Thankfully, on 21 May 2012, Tom finally got to climb to the top diving board and turned 18, leading to an inundation of articles about how sexy he was, complemented by pictures of him canoodling models (sigh) or leaping about in his underwear, under the guise of "Well, he's a diver; it's OK to show him in next-to-nothing." And with his lucrative sideline as a calendar model, Tom's been canny to exploit this to the max. Fast-forward to a coming out and an engagement, with his future husband Dustin Lance Black as an added extra, you're never too far away from a topless selfie of our Tom.
In a world obsessed by sex and sexuality, we still haven't worked out how child stars fit in with our very rigid ideas of appropriateness. "Can we fancy them yet or not?" scream our loins, in desperate need of moral guidance. Thank goodness the press is only too happy to spell it out for us.
Actress and tabloid punchbag Lindsay Lohan was herself the subject of a Rolling Stone cover once she became "hot, ready and legal". And, boy, did she shake her pigtails loose.
It was almost as if the press had been waiting for the day it could stop reporting on rumours of a chaste kisses with members of McFly and get down to the hard stuff - the DUI charges, lesbian love affairs (rememberSamantha Ronson?) and the revolving door into rehab.
She wasn't just sexually available; she was everybody's property, every saccharine childhood headline eviscerated with harsh, adult, sexually active reality. Like a punishment for growing up.
Rolling Stone was also responsible for Britney Spears's first photoshoot in her underwear, shortly after the release of her very first single. Britney wasn't quite "hot, ready and legal" enough then, so she had to make do with "Inside the heart, mind and bedroom of a teen dream" as her pretty tame coverline instead. And we all know how that one played out.
On both sides of the pond, Charlotte Church was a child chanteuse who did all her growing up in public. She had the voice of an angel, but it wasn't her acrobatic vocal cords the red-tops were interested in. Once she reached 16, the school uniform off and the Juicy Couture jogging bottoms on, every aspect of Church's sex life became standard tabloid fodder - all 'bad boy' lovers and drunken snogs. A switch had been flicked. It didn't help there'd been a website set up to count down the days until she hit 16 (but this was not created or hosted by a national newspaper, despite reports to the contrary).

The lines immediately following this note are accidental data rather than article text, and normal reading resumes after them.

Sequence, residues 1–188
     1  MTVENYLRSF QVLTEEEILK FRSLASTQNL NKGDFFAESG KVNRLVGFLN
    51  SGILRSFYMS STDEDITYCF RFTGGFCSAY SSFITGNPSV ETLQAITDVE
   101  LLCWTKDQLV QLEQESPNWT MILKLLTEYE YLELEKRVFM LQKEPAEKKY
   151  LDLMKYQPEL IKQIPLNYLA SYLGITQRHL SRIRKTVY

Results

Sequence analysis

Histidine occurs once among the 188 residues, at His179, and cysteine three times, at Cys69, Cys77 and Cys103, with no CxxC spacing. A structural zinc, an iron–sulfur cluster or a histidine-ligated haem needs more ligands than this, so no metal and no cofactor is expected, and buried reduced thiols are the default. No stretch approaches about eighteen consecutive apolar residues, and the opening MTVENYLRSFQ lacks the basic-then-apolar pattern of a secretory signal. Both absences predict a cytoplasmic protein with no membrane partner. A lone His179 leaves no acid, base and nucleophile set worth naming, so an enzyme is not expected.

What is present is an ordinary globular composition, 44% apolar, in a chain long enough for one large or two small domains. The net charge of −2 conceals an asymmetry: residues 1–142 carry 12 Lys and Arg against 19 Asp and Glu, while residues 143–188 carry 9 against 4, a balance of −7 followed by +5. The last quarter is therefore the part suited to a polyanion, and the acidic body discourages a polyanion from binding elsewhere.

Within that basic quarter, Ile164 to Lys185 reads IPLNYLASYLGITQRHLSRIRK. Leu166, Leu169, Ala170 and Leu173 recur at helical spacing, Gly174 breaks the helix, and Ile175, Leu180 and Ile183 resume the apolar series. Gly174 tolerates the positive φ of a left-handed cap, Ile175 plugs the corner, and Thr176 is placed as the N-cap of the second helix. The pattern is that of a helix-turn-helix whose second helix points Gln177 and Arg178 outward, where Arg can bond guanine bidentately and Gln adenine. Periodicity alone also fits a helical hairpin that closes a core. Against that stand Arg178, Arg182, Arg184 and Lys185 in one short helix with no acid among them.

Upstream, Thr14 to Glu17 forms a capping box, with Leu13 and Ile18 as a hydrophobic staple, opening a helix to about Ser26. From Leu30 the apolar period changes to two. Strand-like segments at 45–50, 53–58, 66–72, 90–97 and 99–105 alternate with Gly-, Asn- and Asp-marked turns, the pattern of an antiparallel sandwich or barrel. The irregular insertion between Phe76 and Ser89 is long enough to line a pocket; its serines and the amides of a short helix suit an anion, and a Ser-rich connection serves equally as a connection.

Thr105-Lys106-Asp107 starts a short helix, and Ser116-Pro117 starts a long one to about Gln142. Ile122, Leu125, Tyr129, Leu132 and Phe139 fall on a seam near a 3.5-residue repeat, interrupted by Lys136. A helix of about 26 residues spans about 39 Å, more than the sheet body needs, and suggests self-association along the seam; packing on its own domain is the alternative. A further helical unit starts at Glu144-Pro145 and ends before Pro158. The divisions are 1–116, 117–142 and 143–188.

Child stars confuse the media because the easiest way to sell a magazine or newspaper is sex. They're popular, and also have the advantage of attracting younger followers, the kind of audience the media is eager to hook onto.
You can't put a child on your cover and expect your older audience to get excited, but whisk them onto it within seconds of them passing their 16th or 18th birthday, in a cute little vest, and you're in business. Hey, they're legal, OK?
It is perhaps a reaction to society's pathological fear of accidentally sexualising children that we take the first opportunity we get once they've reached the age of maturity. From the scandal of a childrenswear store selling what was perceived as 'sexy lingerie' in the 1990s to agonising over the early performances of Christina Ricci and Natalie Portman in sexually ambiguous roles, we've long been afraid of talking ourselves to the gallows.
Our stars are getting younger and younger, but Joe Public isn't growing up fast enough. Youth is everything. Kidults of 35 can bop to pop and nobody bats an eyelid. We are all Peter Pan. But when it comes to our crushes, shouldn't we leave the young to the young and start picking on someone our own age for a change?
Any adolescent reading Tatler and in love with Brooklyn Beckham doesn't care whether he's 'legal' or not, so who is that message actually for? For people in their 20s and 30s? "Don't sweat it, guys, you can jerk off thinking of him and not worry about being sent to prison", is that it?
Thanks for the heads-up, guys, but I'm good, honestly.
This blog post first appeared on The Guyliner's website here.